I have been doing an in-depth study of the Cold War for a while now, and I really want to understand the main reasons why it began. There are a few questions I have regarding a few specifics that I hope somebody can shed some light on.

Firstly, I think one of the main driving forces to the beginning of the Cold War was Churchill's "Iron Curtain" speech (or the Fulton speech). It is really what brought the threat of the Soviet Union to the attention of the Western Powers. However, one of the things I am having trouble grasping is the immediate impact of the speech. How was it received and what happened because of its ideas?

Secondly, what was Stalin thinking? I don't mean that to be judgemental of his actions, more as a questioning of his motives. Why was Stalin so motivated by security and economics? Why did he desire to export revolution?

Also, something important that someone might be able to answer is - did Truman, Churchill, and Stalin correctly diagnose the intentions of each other? Or were they "running the race blindfolded" at this point?

Finally, I want to consider the ending of World War II and how that played effect on the motives of the world leaders. How did they disagree and what caused these tensions? (One example of this might be regarding the Soviets, how they defeated the majority of the German military but were asked to not interfere with the nations they liberated.)

closed as off-topic by Kentaro, Denis de Bernardy, o.m., Mark Olson, SJuan76 Oct 19 at 17:19

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  • Voted to close after reading 2 passages. Thank you for your try. – Kentaro Oct 19 at 16:24
  • 2
    Your questions (of which there are a few -- perhaps break them into separate questions?) don't seem to reflect "an in-depth study of the Cold War for a while now." – Mark Olson Oct 19 at 17:01
  • @MarkOlson I beg to differ. I am quite new to history, my brain is built for math and physics. This makes it hard for me to grasp political and ideological concepts that are presented in, for example the Cold War, because I am unfamiliar with how to navigate them. I am merely asking for some guidance on how to approach these ideas, not an essay describing the face-value of the Cold War (I have many of those at my disposal). – ThatOneNerdyBoy Oct 19 at 17:09
  • @ThatOneNerdyBoy, where are you from? There is a proverb that to an European, 100 miles is a long distance, while to an American, 100 years is a long time. You really have to start with the beginning of WWI, Brest-Litovsk and the rollback in Versailles, Soviets fighting Poles, ... – o.m. Oct 19 at 17:31

I think you are misreading the situation from 1945 onward, and even earlier. There was a clear rivalry between the western Allies and the Soviet Union to control the post-war situation in Europe.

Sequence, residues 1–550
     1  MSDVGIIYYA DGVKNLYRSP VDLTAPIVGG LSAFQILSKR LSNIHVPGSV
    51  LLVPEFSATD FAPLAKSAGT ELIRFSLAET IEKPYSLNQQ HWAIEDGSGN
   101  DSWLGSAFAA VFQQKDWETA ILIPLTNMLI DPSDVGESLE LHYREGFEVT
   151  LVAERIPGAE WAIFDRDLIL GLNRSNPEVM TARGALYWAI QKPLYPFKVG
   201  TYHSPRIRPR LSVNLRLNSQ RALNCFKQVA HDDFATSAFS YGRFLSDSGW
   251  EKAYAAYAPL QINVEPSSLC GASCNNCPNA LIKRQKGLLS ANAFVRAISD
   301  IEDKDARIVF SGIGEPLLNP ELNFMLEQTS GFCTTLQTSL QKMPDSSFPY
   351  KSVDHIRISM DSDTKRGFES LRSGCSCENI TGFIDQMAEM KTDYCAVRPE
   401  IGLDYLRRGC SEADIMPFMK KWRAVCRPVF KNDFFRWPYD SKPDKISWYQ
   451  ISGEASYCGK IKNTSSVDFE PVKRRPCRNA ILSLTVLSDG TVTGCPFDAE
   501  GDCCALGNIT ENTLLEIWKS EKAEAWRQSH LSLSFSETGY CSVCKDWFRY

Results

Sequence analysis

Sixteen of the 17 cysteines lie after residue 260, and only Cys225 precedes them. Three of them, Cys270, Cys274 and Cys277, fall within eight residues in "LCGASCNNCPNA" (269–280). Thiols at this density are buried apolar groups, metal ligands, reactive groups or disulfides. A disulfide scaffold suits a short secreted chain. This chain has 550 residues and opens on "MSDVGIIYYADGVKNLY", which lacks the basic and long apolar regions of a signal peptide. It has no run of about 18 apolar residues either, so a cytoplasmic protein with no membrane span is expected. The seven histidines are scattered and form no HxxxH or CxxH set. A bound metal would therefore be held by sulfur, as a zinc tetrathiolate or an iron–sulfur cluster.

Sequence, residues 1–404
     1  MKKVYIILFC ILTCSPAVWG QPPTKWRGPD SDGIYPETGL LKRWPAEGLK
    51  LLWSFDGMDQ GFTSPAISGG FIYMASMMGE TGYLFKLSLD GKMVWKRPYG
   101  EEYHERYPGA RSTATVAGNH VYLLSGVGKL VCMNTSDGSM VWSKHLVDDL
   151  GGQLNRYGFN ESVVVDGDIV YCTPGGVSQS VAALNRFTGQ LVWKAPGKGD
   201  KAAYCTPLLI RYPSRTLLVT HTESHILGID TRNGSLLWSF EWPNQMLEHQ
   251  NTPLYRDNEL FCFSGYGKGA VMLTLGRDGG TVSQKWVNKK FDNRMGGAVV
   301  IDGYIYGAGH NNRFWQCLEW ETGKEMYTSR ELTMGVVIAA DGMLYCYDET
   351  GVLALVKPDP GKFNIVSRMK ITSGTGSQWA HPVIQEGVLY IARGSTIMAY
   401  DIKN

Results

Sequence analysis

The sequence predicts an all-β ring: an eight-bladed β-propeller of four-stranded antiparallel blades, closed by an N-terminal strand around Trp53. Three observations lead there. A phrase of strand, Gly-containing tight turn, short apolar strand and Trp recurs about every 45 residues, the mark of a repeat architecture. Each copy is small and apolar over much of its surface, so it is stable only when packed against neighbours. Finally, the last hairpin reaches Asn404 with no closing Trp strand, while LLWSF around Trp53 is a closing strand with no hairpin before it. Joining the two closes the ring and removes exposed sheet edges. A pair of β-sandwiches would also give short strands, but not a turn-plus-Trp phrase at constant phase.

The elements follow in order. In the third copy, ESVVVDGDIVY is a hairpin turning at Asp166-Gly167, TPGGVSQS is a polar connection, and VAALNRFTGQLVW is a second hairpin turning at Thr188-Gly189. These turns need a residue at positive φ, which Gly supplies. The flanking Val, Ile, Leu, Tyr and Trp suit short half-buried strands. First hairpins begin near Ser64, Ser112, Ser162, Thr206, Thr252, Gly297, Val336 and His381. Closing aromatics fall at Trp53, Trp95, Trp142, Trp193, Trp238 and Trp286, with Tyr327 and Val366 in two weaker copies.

The US and UK were aware that Communism ultimately wanted a world revolution under Soviet leadership, for the benefit of the "oppressed" workers worldwide. According to Communist doctrine, the capitalist "oppressors" had managed to keep the workers ignorant of their true interest.

Without going into detail about the various brands of Communism, one assumption was that workers on their own could only develop a trade unionist mindset, not a truly revolutionary one, and that it would take a vanguard party to lead them to freedom. Guess who defined themselves as the vanguard of the proletariat?

The Soviets were aware that the West wanted to defeat Communism. Do you know about the Western interventions in the Russian civil war?

  • I have not done any study into the Russian civil war, no... – ThatOneNerdyBoy Oct 19 at 17:05
  • @ThatOneNerdyBoy, you will find fascinating reading. Expeditionary armies in the Arctic and the Crimea, Czechs fighting their way eastward to Vladivostok, Chinese and Japanese meddling ... – o.m. Oct 19 at 17:27
  • Czechs fighting eastwards was not caused by the West, but by the communists' decision to sell Czech legion off to Germany and AH empire and Czech legion was having none of it. They couldn't walk West towards the AH, and so they were forced to retreat east. – Failus Maximus Oct 19 at 21:49
  • @FailusMaximus, my point is that the Soviet Union had ample experience with invaders on their soil, all within living memory of the start of the Cold War. For that matter, they remembered how the Baltics, parts of Poland, etc.had been part of the Czarist empire. While that does not justify the post-WWII control of Eastern Europe, it explains some of it. – o.m. Oct 20 at 4:41

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